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Wikileaks Cable 16: Amadou Ali Shares Sensitive Corruption Files with US Diplomats 

Information shared in this cable was leaked to U.S. embassy officials by former Justice minister Amadou Ali, the man previously charged with coordinating high-level corruption investigations. It further asserts the versatility of the regime baron as a key U.S. informant. – This cable was written in June 2008 by Ambassador Janet Garvey and classified by political officer Tad Brown. It is based on a document offered to U.S. diplomats in Yaounde by Amadou Ali who, as Justice Minister, coordinated investigations in the anti-graft campaign styled Operation Sparrow Hawk.

The subject of the cable is alluringly spellbinding based on the scale of corrupt acts cited therein. However, it gives reason to wonder why such investigations that are supposed to be carried out under confidential circumstances could be leaked to foreign officials on any account.

The main subject of the cable is Roger Ntongo Onguene, general manager of Aeroports du Cameroon, the state agency managing all of Cameroon’s airport facilities, who has made corruption a “full-time job”.

Through this cable, we get to discover the abominable administrative foibles orchestrated by a highly corrupt public official in a domain that is crucial to Cameroon’s image abroad. The stark revelations of the cable show how best corrupt elite have turned corruption into an art in Cameroon. Through outrageously flimsy schemes, Ntongo Onguene succeeded to fleece Airports of Cameroon of hundreds of millions of FCFA.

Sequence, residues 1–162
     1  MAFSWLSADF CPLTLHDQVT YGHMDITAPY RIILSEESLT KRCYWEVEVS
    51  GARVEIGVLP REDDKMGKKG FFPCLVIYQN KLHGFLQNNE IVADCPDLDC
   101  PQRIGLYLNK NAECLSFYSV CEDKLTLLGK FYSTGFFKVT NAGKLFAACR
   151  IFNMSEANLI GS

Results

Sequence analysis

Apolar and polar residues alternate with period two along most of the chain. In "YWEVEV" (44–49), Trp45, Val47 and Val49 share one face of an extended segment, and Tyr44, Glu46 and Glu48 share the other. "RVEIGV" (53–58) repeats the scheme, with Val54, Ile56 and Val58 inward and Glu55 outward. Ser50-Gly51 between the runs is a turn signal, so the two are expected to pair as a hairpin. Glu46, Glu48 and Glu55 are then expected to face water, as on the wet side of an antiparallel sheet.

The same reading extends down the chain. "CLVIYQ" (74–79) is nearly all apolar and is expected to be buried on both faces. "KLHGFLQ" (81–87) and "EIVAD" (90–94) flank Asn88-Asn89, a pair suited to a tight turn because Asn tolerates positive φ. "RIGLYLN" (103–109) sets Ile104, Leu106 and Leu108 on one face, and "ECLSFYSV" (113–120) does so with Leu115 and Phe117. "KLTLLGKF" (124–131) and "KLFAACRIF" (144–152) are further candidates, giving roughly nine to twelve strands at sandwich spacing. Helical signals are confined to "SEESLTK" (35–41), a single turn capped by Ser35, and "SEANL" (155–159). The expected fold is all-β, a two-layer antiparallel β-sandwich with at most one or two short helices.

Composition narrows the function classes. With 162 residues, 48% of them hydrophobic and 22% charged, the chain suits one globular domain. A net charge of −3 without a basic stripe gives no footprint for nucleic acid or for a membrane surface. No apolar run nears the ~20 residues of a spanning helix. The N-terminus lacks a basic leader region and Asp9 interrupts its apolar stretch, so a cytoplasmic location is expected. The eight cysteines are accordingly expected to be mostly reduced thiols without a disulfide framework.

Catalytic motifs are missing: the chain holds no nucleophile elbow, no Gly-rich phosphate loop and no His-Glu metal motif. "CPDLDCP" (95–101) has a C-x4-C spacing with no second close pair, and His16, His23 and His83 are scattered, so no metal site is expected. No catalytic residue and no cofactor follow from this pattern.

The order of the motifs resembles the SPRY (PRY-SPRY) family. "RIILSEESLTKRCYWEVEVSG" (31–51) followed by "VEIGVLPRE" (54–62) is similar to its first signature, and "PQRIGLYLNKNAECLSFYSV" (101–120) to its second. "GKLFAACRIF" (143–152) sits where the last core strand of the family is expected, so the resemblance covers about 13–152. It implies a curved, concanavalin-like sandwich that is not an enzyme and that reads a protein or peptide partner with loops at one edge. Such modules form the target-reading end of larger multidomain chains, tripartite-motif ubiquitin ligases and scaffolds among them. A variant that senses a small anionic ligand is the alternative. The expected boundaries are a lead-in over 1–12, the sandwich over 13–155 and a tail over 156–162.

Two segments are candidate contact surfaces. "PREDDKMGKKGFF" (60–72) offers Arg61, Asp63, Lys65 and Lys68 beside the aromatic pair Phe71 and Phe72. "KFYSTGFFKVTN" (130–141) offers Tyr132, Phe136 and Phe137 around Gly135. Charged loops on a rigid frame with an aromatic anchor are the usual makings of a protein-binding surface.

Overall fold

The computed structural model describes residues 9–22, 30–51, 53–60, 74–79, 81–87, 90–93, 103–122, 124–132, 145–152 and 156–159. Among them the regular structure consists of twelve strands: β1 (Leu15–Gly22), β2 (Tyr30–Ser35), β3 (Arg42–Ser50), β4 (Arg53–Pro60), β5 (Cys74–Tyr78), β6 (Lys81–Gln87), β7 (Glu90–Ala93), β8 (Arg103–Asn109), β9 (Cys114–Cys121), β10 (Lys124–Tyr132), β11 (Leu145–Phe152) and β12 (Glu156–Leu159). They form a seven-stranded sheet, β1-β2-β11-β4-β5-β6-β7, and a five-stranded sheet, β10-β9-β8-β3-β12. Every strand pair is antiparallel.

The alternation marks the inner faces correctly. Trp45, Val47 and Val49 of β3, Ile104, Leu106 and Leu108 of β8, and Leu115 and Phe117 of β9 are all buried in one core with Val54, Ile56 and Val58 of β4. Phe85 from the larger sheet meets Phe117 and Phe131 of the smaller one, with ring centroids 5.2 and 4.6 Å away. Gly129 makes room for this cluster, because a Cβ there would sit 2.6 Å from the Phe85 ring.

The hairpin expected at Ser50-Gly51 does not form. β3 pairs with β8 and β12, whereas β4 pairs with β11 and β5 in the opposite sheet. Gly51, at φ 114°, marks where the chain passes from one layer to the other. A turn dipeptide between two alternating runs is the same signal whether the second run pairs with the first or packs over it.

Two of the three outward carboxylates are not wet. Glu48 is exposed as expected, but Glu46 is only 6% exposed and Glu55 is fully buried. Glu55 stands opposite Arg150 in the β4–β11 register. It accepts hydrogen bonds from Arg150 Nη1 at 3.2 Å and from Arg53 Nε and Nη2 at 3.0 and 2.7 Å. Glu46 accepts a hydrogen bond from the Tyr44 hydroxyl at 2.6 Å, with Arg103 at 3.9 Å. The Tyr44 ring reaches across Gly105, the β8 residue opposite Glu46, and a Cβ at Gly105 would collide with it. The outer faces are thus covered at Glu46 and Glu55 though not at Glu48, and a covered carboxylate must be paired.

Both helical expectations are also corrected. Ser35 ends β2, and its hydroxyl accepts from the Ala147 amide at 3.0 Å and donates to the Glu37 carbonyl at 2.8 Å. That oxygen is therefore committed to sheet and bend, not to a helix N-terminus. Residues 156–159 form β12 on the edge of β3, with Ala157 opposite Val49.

In what the cable describes as corruption that is “breathtaking in its scope and brashness”, Ntongo Onguene accorded himself extraordinary privileges and recruited staff to the company from his ethnic Lekie division in the Centre region of Cameroon. The cable reports that the company paid fees for Ntongo’s son worth about 100 million FCFA in a UK university.

Also, the company paid about 27 million to tar the pavement leading to Ntongo’s compound. We also learn that for close to 4 years, Ntongo earned hundreds of millions FCFA by leasing his personal 4-year-old car to the company and later sold it to same for several times its value.

“Even in the Cameroonian context, where large-scale corruption is the norm, Ntongo’s brazen fleecing of the ADC is startling,” the cable bemoans, marveled at the propensity of a single man’s act on a public institution. But most amazingly, the man continued, unperturbed, in his position as general manger of the company. Reason enough for the U.S. diplomats to “question the rigor of Biya’s commitment to stamp out corruption in Cameroon”.

Continue reading below for a full unedited version of the cable as published by Wikileaks.

Subject: Astounding Corruption at Cameroon’s Airport Agency
Classified: 06/05/2008
Classified By: Political Officer Tad Brown
This message contains an action request for INL/C.

Roger Ntongo Onguene, the General Manager of Aeroports du Cameroun (ADC), the Cameroonian government agency charged with management of the nation’s airports, has embezzled millions of dollars from the ADC’s coffers, undercut the agency’s effectiveness and engaged in ethnically-biased hiring practices, according to a document given to the Embassy by Amadou Ali, Cameroon’s Vice Prime Minister and Minister of Justice.